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Conference Report on S. 1281, National Aeronautics and Space Administration Authorization Act of 2005

Location: Washington, DC



Mr. FRANK of Massachusetts. Mr. Speaker, if someone had said some of the most fiscally, self-proclaimed, conservative members of the House were going to come to the floor and ask us to spend $100 billion or $200 billion on a nonessential project, people would have said, when pigs fly. Well, that is this bill. Did you see who got up to speak? Everybody who has got a NASA facility. The pork is very much in this bill, but it is flying pork. So this is literally the occasion when pigs fly, at least in the nature of pork, when all of the representatives of the NASA places come up here.

Now, I agree with the gentleman from New York and my friend from Cleveland.

Mr. KUCINICH. Mr. Speaker, will the gentleman yield?

Mr. FRANK of Massachusetts. I yield briefly to my friend from Ohio.

Mr. KUCINICH. I just want to, for the record, state that I am a vegan. I do not consume pork.

Mr. FRANK of Massachusetts. The gentleman may not consume pork, but he sure produces it.

The fact is that we are about to take up a continuing resolution that will make severe cuts in many, many important programs here on earth, and we will be told that the problem is the fiscal constraints. Members will lament the fact that we cannot adequately fund health care and environment and transportation and other things, and then we vote for a bill that says, as a binding policy, we are going to send a man to Mars. My friend from Missouri asks me, well, what happens when he gets there? Well, he comes back. That is why it is so expensive.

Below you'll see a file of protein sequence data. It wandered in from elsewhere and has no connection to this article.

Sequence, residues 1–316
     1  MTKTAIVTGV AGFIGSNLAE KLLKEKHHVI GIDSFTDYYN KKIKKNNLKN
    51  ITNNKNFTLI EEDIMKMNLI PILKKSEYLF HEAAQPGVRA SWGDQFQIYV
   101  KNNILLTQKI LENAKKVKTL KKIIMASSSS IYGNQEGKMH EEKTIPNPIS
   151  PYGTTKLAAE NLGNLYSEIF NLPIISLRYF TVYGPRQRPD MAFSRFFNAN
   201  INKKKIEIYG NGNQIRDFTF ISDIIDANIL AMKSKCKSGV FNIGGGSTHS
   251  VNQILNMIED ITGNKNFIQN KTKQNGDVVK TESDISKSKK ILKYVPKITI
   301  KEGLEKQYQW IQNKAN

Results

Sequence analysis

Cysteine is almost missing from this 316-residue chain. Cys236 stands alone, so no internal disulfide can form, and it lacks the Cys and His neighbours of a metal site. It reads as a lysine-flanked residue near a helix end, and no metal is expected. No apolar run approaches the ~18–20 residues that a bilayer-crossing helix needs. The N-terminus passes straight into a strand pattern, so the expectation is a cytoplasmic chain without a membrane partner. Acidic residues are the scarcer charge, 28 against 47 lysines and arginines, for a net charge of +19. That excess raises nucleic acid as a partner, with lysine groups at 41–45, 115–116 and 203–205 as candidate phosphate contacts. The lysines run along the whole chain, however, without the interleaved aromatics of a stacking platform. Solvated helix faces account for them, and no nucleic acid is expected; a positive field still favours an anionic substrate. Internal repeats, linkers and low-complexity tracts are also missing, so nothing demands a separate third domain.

I agree about what was said about aeronautics; it is so important. I agree with space experimentation, primarily unmanned. But sending human beings to Mars, which this bill unfortunately endorses, is an extravagance; it is a psychological stunt. The amount of scientific gain you get comes from the aeronautics, from the unmanned space, even from some of the manned space in a more limited way. But when I first got here, we were told we had to do the space shuttle because we had to compete with the Soviet Union, and I did not think it was a good idea, the space station, not the space shuttle. Then the Cold War ended, and now we are told we have to keep doing the space station to cooperate with the Soviet Union. If we go a few more years, we will have to do it in memory of the Soviet Union.

There is a determination to spend far beyond any rational principle. I agree with much of what is here, but going to Mars? A country that faces the fiscal problems we face? We are quibbling, we are arguing over how well to protect New Orleans: Do we go to category 3 or category 4? But then in this parallel universe, we are going to spend $200 billion to send men to Mars. Of course, you can tell it is a parallel universe; it is the one no one lives in; it is the one where they are willing to spend money.

So as you are told to accept the tough cuts that the gentleman from Wisconsin is going to outline when you vote for that CR and when you try to tell people back home, ``I am sorry, I could not give you money for health care and for education and for the environment and for transportation,'' remember that you are mortgaging that with this useless piece of flying pork of sending men to Mars.


Mr. FRANK of Massachusetts. Mr. Speaker, will the gentleman yield?

Mr. BOEHLERT. I yield to my colleague from Massachusetts.

Mr. FRANK of Massachusetts. I thank the gentleman. And I have never been happier that it is the Hall of Fame and not NASA that is in Cooperstown.


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